November 13, 2020 6:05:05 pm
The European Union on Friday condemned the continued violent crackdown by Belarusian authorities following the death of a 31-year-old opposition supporter who died in a hospital after he was reportedly beaten by security forces.
The death of the man came about three months after mass protests began in Belarus in the wake of the August 9 election that official results say gave authoritarian President Alexander Lukashenko a sixth term in office. The opposition and some poll workers say the results were manipulated and have been calling for Lukashenko’s resignation.
More than 17,000 people have been arrested since the election.
Peter Stano, the EU’s spokesman for foreign affairs and security policy, said that 31-year-old Raman Bandarenka died Thursday at a Minsk hospital after several hours of surgery, due to serious injuries caused, according to reports, by the brutality of plainclothes policemen.
A total of four people, including Bandarenka, are reported to have died over the past three months as the result of the crackdown on protesters and opposition supporters.
“This is an outrageous and shameful result of the actions by the Belarusian authorities who have not only directly and violently carried out repression of their own population, but also created an environment whereby such lawless, violent acts can take place”, Stano said in a statement.
He added that the Lukashenko’s government was “ignoring not only the fundamental rights and freedoms of the Belarusian people, but also disregarding their lives.”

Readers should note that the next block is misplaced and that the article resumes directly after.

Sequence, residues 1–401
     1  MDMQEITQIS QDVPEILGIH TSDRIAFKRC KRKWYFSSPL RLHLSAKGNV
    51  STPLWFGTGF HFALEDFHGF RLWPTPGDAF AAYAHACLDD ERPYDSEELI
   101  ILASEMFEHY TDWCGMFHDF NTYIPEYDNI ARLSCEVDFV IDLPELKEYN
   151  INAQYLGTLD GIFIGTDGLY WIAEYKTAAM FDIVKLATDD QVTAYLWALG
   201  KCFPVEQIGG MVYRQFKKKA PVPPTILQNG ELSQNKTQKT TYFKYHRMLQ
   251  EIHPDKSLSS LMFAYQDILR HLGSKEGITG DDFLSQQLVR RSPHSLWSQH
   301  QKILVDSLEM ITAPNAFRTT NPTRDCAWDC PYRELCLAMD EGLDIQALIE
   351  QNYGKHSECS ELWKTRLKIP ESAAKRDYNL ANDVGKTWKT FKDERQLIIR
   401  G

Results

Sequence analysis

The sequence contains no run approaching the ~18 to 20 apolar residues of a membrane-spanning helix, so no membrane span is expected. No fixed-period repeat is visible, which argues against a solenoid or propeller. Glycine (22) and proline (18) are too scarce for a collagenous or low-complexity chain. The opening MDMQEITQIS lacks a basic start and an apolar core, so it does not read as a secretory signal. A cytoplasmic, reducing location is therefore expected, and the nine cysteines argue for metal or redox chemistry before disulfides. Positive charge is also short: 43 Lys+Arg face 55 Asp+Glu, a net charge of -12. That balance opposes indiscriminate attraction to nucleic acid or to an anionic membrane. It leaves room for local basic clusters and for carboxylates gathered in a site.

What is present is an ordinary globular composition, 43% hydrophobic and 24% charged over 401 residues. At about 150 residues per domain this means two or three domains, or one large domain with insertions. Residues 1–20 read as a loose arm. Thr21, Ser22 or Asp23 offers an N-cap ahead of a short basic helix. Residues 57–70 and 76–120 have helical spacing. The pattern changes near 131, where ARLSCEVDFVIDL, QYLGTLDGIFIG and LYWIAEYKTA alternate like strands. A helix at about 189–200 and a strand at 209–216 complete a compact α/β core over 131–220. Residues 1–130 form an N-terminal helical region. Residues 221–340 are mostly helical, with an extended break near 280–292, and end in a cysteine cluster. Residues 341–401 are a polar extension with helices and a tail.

The EU already has imposed sanctions on Lukashenko and several dozen officials over their role in the security crackdown launched after the contested election. Stano said Friday that the 27-nation bloc “stands ready to impose additional sanctions.”
In a separate video message, European Commission President Ursula von der Leyen said that EU member states have asked the bloc’s executive to prepare a plan of economic support for Belarus.
“The European Union stands ready to mobilize all its economic means to support and accompany democratic change”, she said. “Europe’s economic influence is immense. It’s up to us to make a more strategic use of our economic clout. It’s up to us to take clear our positions and to enforce them with stronger actions.”
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